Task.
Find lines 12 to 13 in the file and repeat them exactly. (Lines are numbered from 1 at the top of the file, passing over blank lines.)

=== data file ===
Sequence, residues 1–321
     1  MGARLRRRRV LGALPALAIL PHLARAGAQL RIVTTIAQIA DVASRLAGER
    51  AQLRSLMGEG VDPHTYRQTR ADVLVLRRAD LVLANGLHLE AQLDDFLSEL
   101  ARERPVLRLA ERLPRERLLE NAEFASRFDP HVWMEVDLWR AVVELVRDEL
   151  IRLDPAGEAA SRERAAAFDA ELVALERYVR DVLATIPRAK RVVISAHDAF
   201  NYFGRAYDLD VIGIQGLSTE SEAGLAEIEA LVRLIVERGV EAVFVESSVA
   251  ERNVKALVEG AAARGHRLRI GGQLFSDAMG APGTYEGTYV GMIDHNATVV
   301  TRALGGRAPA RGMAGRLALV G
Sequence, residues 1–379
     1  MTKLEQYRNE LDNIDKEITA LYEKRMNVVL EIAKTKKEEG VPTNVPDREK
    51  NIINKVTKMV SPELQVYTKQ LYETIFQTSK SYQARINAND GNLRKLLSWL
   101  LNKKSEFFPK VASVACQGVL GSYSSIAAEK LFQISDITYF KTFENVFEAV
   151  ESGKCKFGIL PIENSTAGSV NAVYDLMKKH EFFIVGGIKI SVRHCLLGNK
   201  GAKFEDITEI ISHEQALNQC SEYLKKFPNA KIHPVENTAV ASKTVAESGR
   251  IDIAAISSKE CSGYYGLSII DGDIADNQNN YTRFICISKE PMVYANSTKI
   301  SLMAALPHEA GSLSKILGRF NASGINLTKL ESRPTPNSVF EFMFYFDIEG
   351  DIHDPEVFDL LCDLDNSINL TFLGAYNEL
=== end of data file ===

   101  LNKKSEFFPK VASVACQGVL GSYSSIAAEK LFQISDITYF KTFENVFEAV
   151  ESGKCKFGIL PIENSTAGSV NAVYDLMKKH EFFIVGGIKI SVRHCLLGNK